Director Michael Moore wearing advertising for his latest work, Downsize This!




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  • Friday, September 5, 1997

    Acclaimed film maker Michael Moore shows off 'The Big One'

    By JOHN POWELL
    Jam! Showbiz

     Bend over Big Business. Spread 'em, o' glorious Captains of Industry. Acclaimed documentary filmmaker Michael Moore, the baseball-capped, blue-jeaned and collared, left-wing champion of the downtrodden worker is on the war path again pissing on your front gate. Sir Moore of Flint, Michigan, the contemporary white knight riding in on rented van to slay ye fire-breathing capitalist dragons devouring America. His trusty camera crew recording the chivalrous quest.
     
     A companion to his bestseller Downsize This!, the scathing yet humorous rant against Big Business' accepted practice of slicing and dicing their work force while profits skyrocket; the film shadows the mischievous Moore embarking on a whirlwind "47 cities in 50 days" tour across the U.S.A. promoting the book for publisher Random House.
     
     Touching down in each city, Moore is greeted by Random House "media escorts", the majority being smartly dressed, blonde-haired, blue-eyed women. One supposes the Random House assembling line runs 24 hours a day at the top secret cloning plant that once housed the division printing drivel by Judith Krantz, Bill Clinton, Martha Stewart as well as storing warehouses of unsold high school dictionaries. The Children Of The Damned-like celebrity babysitters unwitting accomplices and the subject of ridicule and crafty pranks.
     
     A clear objective as that in Roger And Me which had our dauntless director attempting to land a face-to-face interview with Roger Smith, (the chairman of General Motors), is gone. Moore does hold court with Nike CEO, Phil Knight, but The Big One (Moore's suggestion as the new name for America) parallels his unique television series - TV Nation - stinging satirical counterattacks against corporate America.
     
     In addition to Moore's spiteful but funny guerrilla media offensives which have the usually slick business types squirming and stammering on camera; ex-Presidential candidate, Steve Forbes, is said to be a "freaky X-File from another planet" because not even his party faithful can tell us where "their leader" comes from or where he was born. Investigations into TWA and Microsoft lays to bare their hiring of prison inmates as cheap labor. Campaign contributions are mailed under the guise of the John Wayne Gacey Fan Club, The Hemp Growers of America and Satanists For Dole to those competing in the last U.S. election (some of the cheques graciously cashed). Moore jams with Cheap Trick axe-man, Rick Nielsen, committing untold damage on The Times They Are A' Changin' and On The Road Again.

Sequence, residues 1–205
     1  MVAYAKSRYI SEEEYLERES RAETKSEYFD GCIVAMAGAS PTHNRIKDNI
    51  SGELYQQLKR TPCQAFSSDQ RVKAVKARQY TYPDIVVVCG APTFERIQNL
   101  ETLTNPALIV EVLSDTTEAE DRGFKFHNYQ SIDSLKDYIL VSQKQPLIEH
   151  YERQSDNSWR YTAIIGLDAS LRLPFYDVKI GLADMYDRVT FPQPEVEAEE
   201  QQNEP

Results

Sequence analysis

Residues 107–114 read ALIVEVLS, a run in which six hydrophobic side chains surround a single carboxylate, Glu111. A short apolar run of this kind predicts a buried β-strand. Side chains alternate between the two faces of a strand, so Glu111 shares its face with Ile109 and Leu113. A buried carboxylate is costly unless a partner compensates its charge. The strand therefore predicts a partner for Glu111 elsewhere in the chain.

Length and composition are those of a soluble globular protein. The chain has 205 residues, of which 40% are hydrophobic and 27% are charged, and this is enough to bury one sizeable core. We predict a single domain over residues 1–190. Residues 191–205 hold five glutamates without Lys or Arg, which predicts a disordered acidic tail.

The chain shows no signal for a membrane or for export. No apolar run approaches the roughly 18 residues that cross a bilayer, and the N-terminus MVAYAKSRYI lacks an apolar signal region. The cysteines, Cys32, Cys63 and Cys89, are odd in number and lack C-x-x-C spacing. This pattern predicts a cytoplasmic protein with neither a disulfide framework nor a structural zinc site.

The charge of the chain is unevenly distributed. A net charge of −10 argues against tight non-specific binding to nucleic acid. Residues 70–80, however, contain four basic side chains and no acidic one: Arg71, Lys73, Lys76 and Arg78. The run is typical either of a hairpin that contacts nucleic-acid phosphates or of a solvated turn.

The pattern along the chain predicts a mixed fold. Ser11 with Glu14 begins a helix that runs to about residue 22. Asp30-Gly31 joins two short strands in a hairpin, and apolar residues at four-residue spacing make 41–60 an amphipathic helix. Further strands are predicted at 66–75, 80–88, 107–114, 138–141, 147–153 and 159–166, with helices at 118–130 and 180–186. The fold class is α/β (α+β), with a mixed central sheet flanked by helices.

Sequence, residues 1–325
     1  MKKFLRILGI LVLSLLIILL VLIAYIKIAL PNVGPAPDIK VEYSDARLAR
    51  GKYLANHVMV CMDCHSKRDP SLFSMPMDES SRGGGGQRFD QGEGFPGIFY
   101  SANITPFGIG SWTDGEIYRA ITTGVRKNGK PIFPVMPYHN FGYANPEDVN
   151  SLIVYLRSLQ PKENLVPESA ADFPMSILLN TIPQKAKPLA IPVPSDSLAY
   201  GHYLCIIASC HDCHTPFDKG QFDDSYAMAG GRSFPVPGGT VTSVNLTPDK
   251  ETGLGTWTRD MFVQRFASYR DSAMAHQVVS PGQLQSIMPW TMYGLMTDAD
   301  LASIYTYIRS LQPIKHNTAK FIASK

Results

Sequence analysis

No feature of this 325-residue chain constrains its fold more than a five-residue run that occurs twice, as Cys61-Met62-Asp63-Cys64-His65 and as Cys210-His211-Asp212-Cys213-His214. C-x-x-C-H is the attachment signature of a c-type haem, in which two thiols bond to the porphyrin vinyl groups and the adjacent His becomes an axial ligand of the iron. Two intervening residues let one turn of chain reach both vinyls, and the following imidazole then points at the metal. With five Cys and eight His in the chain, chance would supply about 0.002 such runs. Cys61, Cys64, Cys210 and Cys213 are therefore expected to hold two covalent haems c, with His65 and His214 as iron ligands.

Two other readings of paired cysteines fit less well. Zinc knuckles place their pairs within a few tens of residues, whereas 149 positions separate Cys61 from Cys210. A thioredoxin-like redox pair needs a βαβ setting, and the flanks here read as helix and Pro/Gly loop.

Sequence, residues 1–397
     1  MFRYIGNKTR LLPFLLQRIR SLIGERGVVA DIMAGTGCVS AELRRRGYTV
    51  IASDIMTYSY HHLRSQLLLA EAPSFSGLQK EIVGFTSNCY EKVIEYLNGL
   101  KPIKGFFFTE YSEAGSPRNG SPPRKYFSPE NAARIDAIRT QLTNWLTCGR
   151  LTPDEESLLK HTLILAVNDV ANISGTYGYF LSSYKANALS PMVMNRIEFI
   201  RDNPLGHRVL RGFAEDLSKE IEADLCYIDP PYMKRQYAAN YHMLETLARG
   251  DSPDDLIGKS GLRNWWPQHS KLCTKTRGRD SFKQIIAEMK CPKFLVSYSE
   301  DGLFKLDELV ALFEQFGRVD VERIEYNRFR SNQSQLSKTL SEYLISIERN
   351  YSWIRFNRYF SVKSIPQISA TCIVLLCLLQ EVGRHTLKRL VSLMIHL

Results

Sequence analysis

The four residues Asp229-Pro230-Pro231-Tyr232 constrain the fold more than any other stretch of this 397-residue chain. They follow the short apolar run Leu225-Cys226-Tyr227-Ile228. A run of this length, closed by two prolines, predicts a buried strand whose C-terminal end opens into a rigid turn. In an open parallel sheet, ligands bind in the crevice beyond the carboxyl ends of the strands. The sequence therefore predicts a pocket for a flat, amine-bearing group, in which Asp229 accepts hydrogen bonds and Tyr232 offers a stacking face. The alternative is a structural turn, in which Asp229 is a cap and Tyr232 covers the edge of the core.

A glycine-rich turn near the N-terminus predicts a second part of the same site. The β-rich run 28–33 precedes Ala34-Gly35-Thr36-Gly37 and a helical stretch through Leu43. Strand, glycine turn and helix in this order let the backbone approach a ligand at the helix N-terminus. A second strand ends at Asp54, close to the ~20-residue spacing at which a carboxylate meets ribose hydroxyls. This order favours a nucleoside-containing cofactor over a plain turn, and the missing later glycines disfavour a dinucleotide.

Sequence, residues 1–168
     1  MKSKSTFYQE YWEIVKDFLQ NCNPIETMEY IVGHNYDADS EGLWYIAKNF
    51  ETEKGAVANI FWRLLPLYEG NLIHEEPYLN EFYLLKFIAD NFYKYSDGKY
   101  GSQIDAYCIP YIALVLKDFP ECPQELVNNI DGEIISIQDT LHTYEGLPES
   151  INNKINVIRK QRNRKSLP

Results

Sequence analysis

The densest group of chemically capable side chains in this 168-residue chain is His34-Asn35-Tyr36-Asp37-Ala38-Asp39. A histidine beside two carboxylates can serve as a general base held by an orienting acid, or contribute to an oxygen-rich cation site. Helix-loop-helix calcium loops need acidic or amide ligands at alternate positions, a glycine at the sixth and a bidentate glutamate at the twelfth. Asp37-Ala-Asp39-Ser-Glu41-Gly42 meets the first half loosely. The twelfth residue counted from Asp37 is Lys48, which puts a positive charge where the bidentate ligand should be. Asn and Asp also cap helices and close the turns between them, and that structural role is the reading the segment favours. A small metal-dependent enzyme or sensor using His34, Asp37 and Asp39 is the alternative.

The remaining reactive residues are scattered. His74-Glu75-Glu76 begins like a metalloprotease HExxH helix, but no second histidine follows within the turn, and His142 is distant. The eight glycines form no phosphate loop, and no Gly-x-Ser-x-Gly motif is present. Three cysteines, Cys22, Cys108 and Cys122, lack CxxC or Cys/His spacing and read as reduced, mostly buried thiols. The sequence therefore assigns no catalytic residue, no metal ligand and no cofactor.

The Big One's a forum for bitter downsized (Which translated into normal English means legally canned without just cause.) workers to vent their frustration, anger and sense of downright betrayal by companies they thought valued and respected them. A voice given to the voiceless.
     
     What smears the film's good intentions is when the realization sinks in that Moore bought into his fame as an author while on tour. We see the defender of the common man seated in First Class beaming from ear to ear commenting on how crowded it is "back there". Segments of Moore as a guest speaker portray him as a wannabe stand-up comedian not the contentious social crusader we are accustomed to. A scene in which he gloats over book sales while yammering on a cellular phone checkmates the guessing game.
     
     Two photos: one depicting the shell of the Oklahoma Federal Building, the other of a crumbling GM factory in Flint, Michigan, juxtaposed in Moore's book and in the film relay his state of mind. He's dove off the deep end into an empty pool. Taking his cue from the ever subtle Oliver Stone, Moore drills his message home and we in response grope for a bottle of aspirin and a glass of water to quell the pounding.
     
     The Pay Day candy bar protest - travel footage as filler x Moore hugging an unemployed woman x the Downsizer Of The Year awards x What if GM sold crack? x Moore for saying: "They put vegetables on my Fillet O' Fish, those f---ers!" x Phil Knight on the hot seat - Moore calling Great Britain a "dinky island" x a Media Escort for saying: "Michael is a floor sample of courage." + Queen's "Rock You" = Our hero has fallen.

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